Gather 'round, boys and girls. Our robot overlords have bestowed upon us the greatest blessing that any semi-sentient being possibly could: Baseball projections. That's right, Thursday afternoon FanGraphs officially added the 2016 Steamer projections and they are chock full of numbers to make your prepare for the worst when it comes to the Cleveland Indians 2016 chances. Projection systems, especially Steamer, are notoriously modest in their predictions, but wow. They do not like the Indians.
Because it would be too easy for me to just give you the numbers without throwing my words into it this is going to split into a series of posts, starting with the infielders today, the outfielders tomorrow, and the pitchers the next day. Alternatively you could just ignore everything in the text below, read the results for yourself at FanGraphs, and skip right to the comments but c’mon don’t be like that.
The 2014 Silver Slugger certainly did not have a very metallic hitting year in 2015. Most likely (hopefully?) due to an injury that sidelined him for much of the year, Gomes was only worth 0.8 fWAR in 2015, getting on base at a career-low .267 clip and hitting only 12 home runs. Luckily, Steamer has him rebounding… sort of.
If indeed robots are getting smarter and they predict Gomes’ 2016 on the nose, it would still not be up to his 2014, 4.5 fWAR campaign or even his 3.3 fWAR the previous year. His .249/.293/.417 slash also does not instill much confidence, although the 16 home runs would be a nice bonus (and also the second-highest total of his career). The majority of his Steamer value comes from defense, which is a 13.6 on FanGraphs’ scale--compared to 12.4 in 2014 and 11.6 in 2013.
Steamer also has Yan "The Flash" Gomes stealing a single base in 2015. Okay.
Why you gotta do this, Steamer? I spend all of 2015 swatting away negative Twitter users calling for Santana’s head, dedicated way too many words to just calm talks of him being traded, or even cut, and you go and project him to have an even worse season next year.
Offensively, this would be a pretty ideal season for Santana, honestly. It would be the same "type" of season as 2015, in that he hits a lot of home runs, gets on base a lot, but does not get a lot of hits--as his low average compared to his high walk rate would imply. I guess the only difference, as far as fan perception of him, would be how well he hits "in the clutch," which Steamer does not predict because it’s not really a skill. Weird how that works.
Santana’s 117 wRC+ would be better than 2015’s wRC+ of 110, but lower than any other year of his career.
Steamer’s projection of Jason Kipnis is basically as if it watches Kipnis play in 2015 and just ignores May altogether. The robots that be have him hitting 11 home runs, which would be his highest total since 2013, but the rest of his offense takes a steep hit from his great 2015 campaign.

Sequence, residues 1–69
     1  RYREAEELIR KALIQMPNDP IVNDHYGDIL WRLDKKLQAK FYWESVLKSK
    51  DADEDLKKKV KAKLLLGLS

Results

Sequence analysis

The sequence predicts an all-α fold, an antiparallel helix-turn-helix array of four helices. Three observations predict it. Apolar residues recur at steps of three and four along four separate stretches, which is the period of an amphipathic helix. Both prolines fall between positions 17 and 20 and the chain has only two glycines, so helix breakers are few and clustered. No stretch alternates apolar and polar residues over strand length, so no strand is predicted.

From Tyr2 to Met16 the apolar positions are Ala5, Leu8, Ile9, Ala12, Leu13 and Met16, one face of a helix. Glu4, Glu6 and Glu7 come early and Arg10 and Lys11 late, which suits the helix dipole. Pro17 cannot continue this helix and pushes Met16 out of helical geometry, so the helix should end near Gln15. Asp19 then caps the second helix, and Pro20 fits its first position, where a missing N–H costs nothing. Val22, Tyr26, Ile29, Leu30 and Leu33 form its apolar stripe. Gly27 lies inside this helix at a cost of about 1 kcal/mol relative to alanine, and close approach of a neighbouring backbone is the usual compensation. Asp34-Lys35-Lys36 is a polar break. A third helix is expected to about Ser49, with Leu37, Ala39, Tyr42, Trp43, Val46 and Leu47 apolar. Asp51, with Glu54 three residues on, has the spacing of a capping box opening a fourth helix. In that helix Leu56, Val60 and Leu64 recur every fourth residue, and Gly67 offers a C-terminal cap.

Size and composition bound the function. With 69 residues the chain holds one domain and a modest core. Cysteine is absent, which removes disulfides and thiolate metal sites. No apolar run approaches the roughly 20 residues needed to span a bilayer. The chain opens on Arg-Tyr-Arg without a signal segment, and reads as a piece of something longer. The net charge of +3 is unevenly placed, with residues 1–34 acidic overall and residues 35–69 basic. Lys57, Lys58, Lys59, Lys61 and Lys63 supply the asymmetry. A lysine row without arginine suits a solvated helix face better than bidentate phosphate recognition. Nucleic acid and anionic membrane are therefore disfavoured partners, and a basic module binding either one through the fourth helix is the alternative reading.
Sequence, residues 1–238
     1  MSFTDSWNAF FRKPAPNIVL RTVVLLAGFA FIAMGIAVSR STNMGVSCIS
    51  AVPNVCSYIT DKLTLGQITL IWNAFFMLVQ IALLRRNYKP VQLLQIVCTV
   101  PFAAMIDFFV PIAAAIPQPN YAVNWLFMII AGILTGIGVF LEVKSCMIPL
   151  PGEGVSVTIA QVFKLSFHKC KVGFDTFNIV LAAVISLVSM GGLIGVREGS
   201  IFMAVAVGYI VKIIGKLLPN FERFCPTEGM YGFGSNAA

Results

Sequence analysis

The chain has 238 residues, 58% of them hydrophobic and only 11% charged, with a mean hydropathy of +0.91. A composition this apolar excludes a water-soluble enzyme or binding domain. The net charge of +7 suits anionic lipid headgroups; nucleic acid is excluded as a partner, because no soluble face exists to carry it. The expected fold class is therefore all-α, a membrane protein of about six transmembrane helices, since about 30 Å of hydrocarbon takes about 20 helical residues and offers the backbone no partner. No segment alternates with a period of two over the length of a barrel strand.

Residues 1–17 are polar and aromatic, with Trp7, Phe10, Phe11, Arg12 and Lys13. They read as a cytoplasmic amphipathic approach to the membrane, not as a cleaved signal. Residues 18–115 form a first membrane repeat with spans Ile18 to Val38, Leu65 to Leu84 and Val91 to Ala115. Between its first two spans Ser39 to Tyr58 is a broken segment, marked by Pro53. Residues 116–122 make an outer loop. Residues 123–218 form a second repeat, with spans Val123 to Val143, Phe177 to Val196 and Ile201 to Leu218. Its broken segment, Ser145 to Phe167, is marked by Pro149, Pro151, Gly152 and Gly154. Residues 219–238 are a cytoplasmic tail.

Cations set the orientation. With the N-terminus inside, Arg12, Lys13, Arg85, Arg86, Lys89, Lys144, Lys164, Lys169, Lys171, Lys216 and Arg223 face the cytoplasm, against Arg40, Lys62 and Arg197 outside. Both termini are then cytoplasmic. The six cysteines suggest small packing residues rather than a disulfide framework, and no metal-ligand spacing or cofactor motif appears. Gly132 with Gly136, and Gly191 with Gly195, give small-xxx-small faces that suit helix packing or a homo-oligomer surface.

Nothing is quite as bad as his dreaded 2014 season, but Kipnis is projected to see his on-base percentage dip to .341 (down from .372 in 2015), and his strikeout rate rises by nearly 2%. Steamer also realizes that a lot of Kipnis’ 2015 success was due to an inflated BABIP of .356, so it knocks it down a peg to .314.
In reality, Steamer is probably looking at his last three seasons, throwing up its hands and throwing a statistical projection dart somewhere in the middle of them.
This projection is a particular surprise to me, in a good way. Seeing how Steamer usually hates breakout rookies who play way above their minor league numbers, I assumed Lindor would be thrown into its mathematical maw, chewed up, and spit back out with nightmare-inducing expectations.
Instead, it has Lindor at what most everyone expected from the 21-year-old when he first came up in June. It is almost hard to remember now after Lindor was one of the best offensive players in the ENTIRE American League since the All-Star break, but he is not an offensive-first prospect. Lindor made his way through the minors and into the hearts of scouts and fans overwhelmingly on his defense. Steamer projects the defense to still be there, obviously, but they knock his offensive numbers down to a more reasonable .268/.318/.390 slash with eight home runs.
That kind of offensive production would not surprise me one bit for Lindor in his sophomore season, but with sports fans being the rational beasts that they are, would have a lot of people calling for his head. There is also the very exciting possibility that something really did click when he made it to the Indians (maybe through the power of electric scooter boards), and he can be one of the best all-around shortstops in the league. Until 2016 rolls around that is my theory and I am sticking to it.
Is Giovanny Urshela actually going to be the Indians starting third baseman for the majority of 2016? I don’t know, you don’t know, Steamer doesn’t know.
Like Lindor, Urshela’s main draw is his defense at the hot corner. Steamer was even nice enough to give him a small offensive boost, with his OBP skyrocketing to .283, compared to .279 in 2015. However, if the Indians sign or trade for a third baseman in the offseason, Steamer wasted all this time calculating for nothing. Take that you filthy cyborgs.
(Steamer projections update through the offseason. All numbers in this article are based on 10/23 projections)